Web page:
REW stands for Room EQ Wizard, and is intended to measure the acoustics of a room and help in equalizing the sound in it. But one of its features is generating a sweep of sine signals and measure the frequency response of a system in front of those signals. While measuring you can see the harmonics, the average 2nd and 3rd harmonic level, and at the end you see the average frequency response for the whole sweep. The software is “donationware” and works in Windows, Linux and MacOS.

Below you can see the different settings I put under measurement:

Overdrive at max gain, blue

Distortion at max gain, purple

Distortion at medium gain, red

Blended overdrive and distortion, medium gain, green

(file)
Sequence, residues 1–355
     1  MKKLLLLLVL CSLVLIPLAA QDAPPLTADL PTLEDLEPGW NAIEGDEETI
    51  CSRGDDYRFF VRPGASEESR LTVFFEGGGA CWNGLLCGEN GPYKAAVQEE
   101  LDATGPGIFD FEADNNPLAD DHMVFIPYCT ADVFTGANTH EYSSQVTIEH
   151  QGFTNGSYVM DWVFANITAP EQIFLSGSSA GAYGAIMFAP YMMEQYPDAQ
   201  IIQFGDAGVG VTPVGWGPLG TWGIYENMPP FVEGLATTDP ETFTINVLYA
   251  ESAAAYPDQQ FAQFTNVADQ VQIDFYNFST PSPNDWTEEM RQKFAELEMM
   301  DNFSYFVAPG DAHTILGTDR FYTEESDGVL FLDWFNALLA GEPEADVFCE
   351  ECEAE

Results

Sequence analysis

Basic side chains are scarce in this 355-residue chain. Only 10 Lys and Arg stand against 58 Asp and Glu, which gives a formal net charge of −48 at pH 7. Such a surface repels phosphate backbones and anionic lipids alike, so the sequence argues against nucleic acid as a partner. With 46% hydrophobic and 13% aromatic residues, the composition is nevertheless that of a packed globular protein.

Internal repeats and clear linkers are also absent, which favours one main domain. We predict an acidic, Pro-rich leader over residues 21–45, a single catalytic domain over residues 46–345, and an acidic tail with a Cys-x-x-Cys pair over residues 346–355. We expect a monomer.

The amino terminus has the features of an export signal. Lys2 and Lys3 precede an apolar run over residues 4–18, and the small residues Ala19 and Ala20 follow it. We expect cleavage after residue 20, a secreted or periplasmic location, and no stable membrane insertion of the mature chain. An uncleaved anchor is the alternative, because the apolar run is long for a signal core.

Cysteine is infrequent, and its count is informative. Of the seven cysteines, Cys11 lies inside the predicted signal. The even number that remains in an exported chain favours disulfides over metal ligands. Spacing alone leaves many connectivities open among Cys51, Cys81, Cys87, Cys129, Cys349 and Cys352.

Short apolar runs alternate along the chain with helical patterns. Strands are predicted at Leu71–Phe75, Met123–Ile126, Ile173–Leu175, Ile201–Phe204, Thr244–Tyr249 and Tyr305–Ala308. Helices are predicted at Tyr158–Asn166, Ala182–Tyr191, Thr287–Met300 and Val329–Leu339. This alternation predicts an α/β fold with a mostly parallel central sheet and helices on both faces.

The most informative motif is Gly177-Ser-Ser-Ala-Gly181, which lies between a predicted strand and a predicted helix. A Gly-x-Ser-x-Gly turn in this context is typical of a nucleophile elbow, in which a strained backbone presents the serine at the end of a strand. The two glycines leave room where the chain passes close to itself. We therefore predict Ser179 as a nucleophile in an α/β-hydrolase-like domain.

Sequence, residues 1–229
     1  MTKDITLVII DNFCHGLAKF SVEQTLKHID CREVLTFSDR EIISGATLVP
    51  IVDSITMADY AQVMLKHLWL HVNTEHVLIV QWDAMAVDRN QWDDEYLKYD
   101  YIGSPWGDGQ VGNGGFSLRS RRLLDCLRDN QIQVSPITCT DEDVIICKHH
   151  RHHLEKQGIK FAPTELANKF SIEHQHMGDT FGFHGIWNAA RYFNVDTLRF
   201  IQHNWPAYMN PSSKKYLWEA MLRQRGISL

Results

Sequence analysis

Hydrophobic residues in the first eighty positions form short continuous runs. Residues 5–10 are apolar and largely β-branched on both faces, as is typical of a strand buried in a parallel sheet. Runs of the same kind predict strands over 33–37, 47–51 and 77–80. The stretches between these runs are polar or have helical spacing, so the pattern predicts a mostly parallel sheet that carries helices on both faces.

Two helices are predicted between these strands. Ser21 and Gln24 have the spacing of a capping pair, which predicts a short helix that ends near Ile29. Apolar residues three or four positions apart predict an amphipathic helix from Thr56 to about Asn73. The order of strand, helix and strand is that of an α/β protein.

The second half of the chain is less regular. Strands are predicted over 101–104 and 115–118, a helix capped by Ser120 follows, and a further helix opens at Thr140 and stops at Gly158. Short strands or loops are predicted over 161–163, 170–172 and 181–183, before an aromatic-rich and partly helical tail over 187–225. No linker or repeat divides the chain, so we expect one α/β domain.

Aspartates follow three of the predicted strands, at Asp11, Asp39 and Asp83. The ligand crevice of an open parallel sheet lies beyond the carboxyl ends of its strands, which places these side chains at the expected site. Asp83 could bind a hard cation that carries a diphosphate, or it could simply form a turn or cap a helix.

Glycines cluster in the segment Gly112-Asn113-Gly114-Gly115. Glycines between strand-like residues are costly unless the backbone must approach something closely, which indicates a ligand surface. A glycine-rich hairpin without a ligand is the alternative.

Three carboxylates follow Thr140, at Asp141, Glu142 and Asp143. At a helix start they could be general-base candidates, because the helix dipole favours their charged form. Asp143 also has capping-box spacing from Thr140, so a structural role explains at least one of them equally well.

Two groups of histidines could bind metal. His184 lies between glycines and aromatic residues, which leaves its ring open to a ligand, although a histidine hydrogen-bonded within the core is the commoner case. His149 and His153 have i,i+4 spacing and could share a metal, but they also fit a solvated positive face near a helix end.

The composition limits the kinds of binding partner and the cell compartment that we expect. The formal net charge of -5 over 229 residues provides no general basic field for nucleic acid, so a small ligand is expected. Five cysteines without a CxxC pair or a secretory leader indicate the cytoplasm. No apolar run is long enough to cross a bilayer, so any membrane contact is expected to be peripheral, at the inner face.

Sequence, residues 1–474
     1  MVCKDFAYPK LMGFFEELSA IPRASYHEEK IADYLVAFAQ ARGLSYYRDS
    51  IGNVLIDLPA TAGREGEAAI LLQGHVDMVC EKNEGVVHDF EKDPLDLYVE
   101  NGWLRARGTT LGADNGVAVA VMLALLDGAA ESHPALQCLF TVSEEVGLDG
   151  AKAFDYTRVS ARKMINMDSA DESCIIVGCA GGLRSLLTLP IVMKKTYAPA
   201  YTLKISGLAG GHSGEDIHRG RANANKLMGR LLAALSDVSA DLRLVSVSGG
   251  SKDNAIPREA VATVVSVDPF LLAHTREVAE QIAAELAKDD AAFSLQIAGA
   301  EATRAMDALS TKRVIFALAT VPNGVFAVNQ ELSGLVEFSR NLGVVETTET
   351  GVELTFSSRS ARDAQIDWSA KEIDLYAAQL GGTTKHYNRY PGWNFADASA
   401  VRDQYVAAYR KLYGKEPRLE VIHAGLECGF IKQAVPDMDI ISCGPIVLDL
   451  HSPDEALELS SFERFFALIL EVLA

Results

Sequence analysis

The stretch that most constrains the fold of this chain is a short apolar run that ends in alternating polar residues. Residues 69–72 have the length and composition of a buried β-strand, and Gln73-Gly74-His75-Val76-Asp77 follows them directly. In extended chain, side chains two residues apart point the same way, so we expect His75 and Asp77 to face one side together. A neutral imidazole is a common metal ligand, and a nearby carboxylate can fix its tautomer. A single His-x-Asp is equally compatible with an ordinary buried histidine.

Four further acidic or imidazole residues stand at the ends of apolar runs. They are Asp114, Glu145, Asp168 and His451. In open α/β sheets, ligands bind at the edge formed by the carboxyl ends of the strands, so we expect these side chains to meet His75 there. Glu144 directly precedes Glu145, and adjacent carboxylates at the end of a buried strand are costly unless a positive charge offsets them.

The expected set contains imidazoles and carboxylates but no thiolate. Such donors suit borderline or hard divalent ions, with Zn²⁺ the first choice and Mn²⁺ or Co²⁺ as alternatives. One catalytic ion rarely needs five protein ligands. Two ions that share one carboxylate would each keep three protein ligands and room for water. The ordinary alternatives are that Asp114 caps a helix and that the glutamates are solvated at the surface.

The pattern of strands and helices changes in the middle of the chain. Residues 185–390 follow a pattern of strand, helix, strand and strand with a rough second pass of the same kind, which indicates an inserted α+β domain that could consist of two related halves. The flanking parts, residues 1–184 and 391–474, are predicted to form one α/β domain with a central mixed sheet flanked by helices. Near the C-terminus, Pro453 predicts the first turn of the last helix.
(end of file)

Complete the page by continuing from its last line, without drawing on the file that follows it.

And the frequency response of each of the settings:


As can be seen, distortion settings have a very characteristic “scoop” at middle frequencies (800Hz) that make them more flat sounding. A peak around 100Hz can be seen (and heard as I mentioned in a previous post).

In overdrive settings, on the opposite side, a prevalence of middle frequencies around 500Hz can be seen, what makes it more pleasant and cutting through the mix, as they say.

Combining both (green curve), you have less scoop and the prevalent frequency can be higher, giving more presence to the tone.